Interpreting the genetic revolution
Award: 2015 Post-Doctoral Fellow
Devon is a Visiting Scholar in American Culture at the University of Michigan. She completed her Ph.D in History, and a Diploma in Gender Studies and Feminist Research, at McMaster University in 2013. From 2013 to 2015, Devon was a SSHRC Postdoctoral Fellow at Johns Hopkins University in the History of Medicine. Her research centers on the overlapping histories of eugenics and genetics, bioethics, medical professionalization processes, gender cultures of science, and reproductive and disability rights. She has explored these themes primarily in relation to the history of genetic counseling and medical genetics in the contemporary United States.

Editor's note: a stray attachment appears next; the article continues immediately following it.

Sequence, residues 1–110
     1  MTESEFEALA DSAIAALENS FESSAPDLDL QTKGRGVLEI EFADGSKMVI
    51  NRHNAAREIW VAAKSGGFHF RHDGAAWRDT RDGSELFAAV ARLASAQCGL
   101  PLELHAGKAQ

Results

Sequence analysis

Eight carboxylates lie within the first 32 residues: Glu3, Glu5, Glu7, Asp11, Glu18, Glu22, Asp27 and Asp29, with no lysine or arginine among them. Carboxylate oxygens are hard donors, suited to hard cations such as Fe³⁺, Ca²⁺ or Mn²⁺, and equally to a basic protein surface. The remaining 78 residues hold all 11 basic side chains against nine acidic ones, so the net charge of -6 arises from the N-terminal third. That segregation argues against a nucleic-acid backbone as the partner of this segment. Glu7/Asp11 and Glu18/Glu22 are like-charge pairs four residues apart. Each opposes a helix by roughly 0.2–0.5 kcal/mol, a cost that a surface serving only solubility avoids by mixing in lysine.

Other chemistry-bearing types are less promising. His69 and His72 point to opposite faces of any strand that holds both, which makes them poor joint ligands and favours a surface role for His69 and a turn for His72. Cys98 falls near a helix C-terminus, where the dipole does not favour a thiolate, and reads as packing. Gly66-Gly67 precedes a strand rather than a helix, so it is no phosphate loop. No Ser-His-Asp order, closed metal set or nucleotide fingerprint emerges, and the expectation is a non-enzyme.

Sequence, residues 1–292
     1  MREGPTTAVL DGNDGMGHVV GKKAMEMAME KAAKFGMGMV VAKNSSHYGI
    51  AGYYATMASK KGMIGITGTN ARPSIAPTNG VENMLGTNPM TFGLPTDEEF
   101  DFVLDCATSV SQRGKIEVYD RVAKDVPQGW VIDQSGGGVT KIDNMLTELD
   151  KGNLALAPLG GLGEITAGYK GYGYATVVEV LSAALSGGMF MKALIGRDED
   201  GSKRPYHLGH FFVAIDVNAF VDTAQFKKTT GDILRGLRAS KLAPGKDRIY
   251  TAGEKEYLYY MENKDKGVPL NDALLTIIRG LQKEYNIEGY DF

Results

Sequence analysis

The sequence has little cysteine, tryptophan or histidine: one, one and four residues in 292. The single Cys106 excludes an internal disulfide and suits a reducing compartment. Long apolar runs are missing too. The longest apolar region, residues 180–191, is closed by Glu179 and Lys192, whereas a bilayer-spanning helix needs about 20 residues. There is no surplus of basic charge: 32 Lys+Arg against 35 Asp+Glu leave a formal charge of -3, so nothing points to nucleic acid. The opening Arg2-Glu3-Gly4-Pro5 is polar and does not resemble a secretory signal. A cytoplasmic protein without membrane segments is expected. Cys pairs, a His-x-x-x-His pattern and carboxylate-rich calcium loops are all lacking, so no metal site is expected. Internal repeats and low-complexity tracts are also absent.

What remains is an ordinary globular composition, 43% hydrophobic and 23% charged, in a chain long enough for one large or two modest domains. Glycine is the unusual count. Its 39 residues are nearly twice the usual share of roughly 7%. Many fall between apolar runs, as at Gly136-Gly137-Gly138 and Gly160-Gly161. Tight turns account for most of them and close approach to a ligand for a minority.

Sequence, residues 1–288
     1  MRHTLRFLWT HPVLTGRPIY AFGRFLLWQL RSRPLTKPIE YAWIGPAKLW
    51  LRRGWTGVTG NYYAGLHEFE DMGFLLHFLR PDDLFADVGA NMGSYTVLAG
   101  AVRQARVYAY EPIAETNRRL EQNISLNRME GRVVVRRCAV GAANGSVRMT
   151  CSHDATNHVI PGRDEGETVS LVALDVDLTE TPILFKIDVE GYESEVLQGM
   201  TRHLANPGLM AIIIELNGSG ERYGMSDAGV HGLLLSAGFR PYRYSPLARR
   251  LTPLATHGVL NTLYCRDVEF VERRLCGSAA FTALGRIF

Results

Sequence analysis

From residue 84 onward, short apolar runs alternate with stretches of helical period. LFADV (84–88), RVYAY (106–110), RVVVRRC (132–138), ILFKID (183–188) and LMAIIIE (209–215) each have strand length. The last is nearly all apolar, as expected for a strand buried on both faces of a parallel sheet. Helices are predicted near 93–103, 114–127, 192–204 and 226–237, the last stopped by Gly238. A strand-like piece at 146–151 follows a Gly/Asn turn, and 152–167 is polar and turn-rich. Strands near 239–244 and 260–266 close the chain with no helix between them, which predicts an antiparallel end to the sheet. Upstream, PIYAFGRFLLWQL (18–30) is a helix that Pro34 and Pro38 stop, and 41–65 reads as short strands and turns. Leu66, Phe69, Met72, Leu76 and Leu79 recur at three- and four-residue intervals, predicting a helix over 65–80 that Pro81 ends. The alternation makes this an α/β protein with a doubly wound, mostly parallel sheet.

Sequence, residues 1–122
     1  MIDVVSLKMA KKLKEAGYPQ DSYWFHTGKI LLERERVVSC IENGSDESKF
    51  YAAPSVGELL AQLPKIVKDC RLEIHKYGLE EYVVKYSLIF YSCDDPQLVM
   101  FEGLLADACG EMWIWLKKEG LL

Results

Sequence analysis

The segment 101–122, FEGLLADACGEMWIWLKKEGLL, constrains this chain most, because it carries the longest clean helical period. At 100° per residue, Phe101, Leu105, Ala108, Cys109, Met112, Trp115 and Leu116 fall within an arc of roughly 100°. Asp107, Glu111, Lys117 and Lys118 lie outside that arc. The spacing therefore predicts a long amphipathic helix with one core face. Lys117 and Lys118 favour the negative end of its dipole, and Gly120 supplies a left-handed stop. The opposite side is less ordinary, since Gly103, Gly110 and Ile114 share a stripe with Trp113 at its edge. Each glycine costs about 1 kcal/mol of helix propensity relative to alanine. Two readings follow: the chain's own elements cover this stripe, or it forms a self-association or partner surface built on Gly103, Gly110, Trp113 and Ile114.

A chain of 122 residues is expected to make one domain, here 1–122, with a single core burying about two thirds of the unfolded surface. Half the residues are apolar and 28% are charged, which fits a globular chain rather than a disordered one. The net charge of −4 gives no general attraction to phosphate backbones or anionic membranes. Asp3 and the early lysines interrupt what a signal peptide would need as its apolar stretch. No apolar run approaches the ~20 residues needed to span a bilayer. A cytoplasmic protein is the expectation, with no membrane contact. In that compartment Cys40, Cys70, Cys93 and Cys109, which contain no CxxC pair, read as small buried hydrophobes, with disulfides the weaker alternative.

Devon is currently preparing a book manuscript, Interpreting the Genetic Revolution: Genetic Counseling, Biological Risk, and the Shaping of Modern American Biopolitics. Her study shows how genetic counseling has driven both the scientific and social aspects of medical genetics, and is a key site through which researchers and everyday people have engaged with hereditarian theories of disease since 1900. This project highlights the role of genetic counseling in evolving biological concepts of risk, and shaping a host of 20th-century socio-cultural and political phenomena that are central to modern issues in genetic medicine and healthcare. Devon’s other research interests include genetic counseling, risk, and mid-century adoption practices; American eugenics, genetics, and hereditarianism in an international context; and Madge Thurlow Macklin and the history of women in medical genetics. Her work has appeared in the Bulletin of the History of Medicine, Social History of Medicine, and the Journal of Genetic Counseling, amongst other publications.